Corn forage yield and quality for silage in short growing season areas of the canadian prairies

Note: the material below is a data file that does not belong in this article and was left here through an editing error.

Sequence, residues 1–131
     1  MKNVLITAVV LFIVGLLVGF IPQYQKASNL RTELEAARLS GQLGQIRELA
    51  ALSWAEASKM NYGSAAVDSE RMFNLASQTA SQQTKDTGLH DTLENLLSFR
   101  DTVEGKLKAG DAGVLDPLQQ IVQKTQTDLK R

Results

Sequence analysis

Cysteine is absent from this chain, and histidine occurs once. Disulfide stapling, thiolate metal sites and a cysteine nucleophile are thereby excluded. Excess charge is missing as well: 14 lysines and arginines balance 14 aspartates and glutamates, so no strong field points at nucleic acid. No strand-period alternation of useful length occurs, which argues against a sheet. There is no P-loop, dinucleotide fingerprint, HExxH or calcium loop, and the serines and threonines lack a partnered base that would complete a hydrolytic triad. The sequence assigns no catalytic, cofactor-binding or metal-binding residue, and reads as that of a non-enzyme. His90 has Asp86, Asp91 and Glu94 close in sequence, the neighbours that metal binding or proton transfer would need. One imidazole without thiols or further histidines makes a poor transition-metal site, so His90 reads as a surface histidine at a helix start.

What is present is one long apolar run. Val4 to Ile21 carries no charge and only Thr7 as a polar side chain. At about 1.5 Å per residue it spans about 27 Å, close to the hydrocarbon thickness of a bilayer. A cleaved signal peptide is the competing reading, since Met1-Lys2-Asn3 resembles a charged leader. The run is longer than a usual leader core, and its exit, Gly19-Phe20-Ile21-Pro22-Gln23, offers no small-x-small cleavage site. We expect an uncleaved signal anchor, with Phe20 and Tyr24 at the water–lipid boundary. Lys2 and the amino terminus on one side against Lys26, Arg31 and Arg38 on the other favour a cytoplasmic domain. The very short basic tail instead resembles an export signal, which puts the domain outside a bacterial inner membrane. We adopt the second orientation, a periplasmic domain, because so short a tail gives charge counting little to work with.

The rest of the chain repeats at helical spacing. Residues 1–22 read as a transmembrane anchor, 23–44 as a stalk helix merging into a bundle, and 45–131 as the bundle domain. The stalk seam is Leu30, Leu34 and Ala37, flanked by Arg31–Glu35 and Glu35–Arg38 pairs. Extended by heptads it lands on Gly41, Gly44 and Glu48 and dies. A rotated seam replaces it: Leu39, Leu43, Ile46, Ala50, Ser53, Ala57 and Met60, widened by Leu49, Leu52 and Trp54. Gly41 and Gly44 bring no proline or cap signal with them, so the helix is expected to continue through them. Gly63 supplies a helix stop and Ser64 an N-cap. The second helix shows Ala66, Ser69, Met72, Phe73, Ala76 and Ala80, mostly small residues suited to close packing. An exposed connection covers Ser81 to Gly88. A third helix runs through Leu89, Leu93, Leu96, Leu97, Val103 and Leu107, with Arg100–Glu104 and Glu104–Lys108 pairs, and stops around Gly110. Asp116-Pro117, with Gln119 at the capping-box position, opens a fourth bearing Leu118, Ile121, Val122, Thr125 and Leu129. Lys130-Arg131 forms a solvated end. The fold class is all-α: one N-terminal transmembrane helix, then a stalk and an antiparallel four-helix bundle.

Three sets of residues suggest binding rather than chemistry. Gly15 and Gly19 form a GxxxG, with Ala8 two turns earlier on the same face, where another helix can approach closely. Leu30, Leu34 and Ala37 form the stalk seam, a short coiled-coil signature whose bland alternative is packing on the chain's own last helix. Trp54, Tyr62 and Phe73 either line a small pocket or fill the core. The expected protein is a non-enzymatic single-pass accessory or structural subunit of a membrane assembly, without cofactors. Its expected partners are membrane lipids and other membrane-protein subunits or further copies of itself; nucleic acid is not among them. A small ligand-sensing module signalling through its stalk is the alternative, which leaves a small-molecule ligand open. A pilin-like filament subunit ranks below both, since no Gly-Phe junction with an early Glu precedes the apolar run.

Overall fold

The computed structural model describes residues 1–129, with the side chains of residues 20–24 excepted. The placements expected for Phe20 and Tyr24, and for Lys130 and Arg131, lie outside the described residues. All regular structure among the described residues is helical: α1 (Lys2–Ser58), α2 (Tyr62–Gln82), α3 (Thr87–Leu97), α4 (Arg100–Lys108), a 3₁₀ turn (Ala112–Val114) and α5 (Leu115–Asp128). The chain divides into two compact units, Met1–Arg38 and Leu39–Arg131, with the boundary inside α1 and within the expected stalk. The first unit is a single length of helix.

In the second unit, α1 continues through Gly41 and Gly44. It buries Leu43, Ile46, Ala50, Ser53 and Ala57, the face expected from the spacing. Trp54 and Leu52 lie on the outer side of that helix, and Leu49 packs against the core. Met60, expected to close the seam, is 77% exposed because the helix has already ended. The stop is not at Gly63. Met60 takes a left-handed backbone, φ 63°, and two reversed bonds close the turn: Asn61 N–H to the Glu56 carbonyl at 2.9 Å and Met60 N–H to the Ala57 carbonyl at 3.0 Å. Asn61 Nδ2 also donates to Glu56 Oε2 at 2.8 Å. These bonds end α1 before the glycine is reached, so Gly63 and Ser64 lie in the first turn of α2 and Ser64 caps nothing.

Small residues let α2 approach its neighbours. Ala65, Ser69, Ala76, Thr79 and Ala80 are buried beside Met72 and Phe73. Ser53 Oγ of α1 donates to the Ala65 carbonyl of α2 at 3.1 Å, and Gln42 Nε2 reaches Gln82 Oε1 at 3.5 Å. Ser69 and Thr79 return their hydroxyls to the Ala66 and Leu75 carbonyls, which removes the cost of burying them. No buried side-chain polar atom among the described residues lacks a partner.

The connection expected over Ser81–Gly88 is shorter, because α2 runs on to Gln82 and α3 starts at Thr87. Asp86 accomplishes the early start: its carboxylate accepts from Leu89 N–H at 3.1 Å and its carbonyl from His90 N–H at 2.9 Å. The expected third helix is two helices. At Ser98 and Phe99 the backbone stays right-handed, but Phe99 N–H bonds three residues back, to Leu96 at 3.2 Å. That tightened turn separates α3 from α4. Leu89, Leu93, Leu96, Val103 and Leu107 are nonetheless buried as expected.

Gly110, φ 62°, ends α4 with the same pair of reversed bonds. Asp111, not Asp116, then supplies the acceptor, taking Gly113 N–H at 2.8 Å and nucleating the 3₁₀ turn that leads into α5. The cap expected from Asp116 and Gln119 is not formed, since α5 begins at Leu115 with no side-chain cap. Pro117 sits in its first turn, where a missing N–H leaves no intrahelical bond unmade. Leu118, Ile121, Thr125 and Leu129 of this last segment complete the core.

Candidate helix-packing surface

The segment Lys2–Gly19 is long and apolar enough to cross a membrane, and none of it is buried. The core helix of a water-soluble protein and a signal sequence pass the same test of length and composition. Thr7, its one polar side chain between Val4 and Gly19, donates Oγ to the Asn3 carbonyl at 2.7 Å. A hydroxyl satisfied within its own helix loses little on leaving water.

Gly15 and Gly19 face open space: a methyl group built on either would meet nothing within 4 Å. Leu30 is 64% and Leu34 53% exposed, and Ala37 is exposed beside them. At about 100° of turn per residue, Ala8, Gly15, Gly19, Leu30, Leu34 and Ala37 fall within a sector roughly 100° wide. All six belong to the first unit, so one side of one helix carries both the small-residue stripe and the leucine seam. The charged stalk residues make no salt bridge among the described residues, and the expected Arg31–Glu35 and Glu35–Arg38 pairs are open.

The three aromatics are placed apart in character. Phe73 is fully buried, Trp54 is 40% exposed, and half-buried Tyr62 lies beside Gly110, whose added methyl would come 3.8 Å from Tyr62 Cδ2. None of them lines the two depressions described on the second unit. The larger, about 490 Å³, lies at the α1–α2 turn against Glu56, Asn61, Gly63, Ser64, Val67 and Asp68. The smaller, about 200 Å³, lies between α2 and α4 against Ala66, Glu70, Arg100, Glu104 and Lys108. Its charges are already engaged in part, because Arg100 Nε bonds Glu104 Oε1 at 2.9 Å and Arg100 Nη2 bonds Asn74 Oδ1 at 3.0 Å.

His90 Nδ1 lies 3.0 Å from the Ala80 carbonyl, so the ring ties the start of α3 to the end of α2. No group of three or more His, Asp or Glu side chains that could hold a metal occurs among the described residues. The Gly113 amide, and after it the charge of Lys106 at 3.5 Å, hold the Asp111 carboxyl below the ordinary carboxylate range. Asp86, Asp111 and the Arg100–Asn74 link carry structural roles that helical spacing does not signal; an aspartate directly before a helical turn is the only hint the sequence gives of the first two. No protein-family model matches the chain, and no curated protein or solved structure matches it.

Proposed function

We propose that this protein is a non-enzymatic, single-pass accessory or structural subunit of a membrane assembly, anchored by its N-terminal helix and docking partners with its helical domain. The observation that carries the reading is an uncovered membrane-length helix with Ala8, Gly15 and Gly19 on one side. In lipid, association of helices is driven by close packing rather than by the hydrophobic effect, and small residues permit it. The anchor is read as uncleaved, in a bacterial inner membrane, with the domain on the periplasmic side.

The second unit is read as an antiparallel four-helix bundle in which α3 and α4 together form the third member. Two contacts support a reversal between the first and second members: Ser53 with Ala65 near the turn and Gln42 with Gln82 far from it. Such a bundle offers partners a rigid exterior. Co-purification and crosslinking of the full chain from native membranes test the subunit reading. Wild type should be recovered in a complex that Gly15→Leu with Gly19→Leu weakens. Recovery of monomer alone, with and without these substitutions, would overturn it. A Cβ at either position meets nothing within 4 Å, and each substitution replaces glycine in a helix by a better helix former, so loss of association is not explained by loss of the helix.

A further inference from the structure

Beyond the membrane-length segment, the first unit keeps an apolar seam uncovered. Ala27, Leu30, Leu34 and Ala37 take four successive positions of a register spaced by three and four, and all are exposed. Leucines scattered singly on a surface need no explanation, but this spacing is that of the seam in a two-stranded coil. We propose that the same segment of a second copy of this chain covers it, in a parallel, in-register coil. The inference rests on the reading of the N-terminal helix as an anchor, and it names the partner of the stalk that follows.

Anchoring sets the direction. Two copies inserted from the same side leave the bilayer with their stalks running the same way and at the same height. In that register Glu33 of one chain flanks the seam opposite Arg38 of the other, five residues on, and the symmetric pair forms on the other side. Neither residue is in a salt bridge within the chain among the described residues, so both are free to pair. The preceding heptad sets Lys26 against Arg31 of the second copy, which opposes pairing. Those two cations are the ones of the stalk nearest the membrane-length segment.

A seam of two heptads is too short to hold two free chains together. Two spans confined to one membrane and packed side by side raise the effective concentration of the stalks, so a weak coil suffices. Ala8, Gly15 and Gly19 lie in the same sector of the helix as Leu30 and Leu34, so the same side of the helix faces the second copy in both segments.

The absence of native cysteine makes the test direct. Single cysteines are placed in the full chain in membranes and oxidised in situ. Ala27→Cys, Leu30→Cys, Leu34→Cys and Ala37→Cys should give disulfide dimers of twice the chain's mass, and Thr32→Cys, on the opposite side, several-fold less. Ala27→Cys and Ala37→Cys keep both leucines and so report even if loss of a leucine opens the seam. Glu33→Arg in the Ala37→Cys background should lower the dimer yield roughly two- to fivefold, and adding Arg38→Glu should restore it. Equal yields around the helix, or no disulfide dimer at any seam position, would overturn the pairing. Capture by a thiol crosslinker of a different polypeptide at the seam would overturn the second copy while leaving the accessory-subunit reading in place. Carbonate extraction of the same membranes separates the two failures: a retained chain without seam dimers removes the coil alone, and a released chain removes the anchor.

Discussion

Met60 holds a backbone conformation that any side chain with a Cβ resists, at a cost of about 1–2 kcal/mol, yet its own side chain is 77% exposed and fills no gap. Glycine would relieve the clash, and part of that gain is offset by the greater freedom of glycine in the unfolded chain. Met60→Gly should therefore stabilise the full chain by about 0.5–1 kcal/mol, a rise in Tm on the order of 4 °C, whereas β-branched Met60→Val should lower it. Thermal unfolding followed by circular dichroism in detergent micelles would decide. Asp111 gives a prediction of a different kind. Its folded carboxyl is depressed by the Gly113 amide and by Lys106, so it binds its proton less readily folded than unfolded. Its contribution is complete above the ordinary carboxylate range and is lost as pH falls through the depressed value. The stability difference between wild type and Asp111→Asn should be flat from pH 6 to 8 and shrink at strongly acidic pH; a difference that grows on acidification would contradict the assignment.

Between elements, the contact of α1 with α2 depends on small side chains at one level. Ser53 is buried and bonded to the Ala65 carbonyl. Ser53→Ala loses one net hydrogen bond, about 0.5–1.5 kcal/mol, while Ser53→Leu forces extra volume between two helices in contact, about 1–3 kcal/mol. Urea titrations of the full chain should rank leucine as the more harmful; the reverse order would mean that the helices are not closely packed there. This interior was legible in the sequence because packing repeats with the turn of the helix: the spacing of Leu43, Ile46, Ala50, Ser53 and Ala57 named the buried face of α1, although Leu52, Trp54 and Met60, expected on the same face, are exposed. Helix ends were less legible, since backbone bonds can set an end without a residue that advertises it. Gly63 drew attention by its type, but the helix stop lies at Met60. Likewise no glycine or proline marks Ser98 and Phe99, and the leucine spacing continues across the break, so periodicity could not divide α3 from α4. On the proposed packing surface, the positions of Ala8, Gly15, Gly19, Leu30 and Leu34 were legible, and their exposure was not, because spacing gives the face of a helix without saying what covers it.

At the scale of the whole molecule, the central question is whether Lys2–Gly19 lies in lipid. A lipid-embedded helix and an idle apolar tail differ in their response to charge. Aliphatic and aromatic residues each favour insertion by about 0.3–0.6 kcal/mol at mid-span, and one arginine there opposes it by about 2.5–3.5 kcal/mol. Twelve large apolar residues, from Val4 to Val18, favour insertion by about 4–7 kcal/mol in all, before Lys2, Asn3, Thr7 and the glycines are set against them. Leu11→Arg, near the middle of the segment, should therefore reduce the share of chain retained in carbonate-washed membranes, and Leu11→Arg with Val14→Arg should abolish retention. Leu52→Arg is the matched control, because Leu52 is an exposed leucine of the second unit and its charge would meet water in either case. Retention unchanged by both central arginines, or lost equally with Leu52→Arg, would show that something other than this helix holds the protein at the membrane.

© 2018 by the authors. The development of short-season hybrids has made corn (Zea mays L.) silage (CS) production possible in cooler areas. This work aimed at determining biomass yield and nutritive quality of short-season corn CS hybrids. Six corn hybrids were grown in three years at four locations within the Canadian prairies with four field replications. Hybrids were harvested before occurrence of frost at a target dry matter (DM) content of 300 to 400 g kg−1. Corn heat units (CHU) from seeding to harvesting (CHUseed-harv) and water supply were recorded. Samples were analysed for nutrient content; i.e., DM, neutral detergent fiber (NDF), crude protein (CP), starch, and in vitro DM and NDF digestibilities (48 h incubation). Then, CHUseed-harv, water supply, whole plant DM, CHU rating of the hybrid, and cob percentage were assessed as predictors of nutrient content. Location, hybrid, and year affected nutrient composition and yield. Overall, CP and NDF were positively correlated (r = 0.48, p < 0.01), but both were negatively correlated with DM yield (r = −0.63, −0.28, p < 0.01) and starch (both r = 0.71, p < 0.01). Within and among locations, CHUseed-harv differently affected nutrient composition and DM yield. However, DM yield was the most predictable factor (R2 = 0.86) with CHUseed-harv being the strongest contributor (48%) to the overall variability, followed by water supply (23%). Whole plant DM and CHUseed-harv were also good predictors of starch (R2 = 0.54). This work showed the high variability of biomass yield and nutritive quality of short-season CS hybrids grown in Northern areas.
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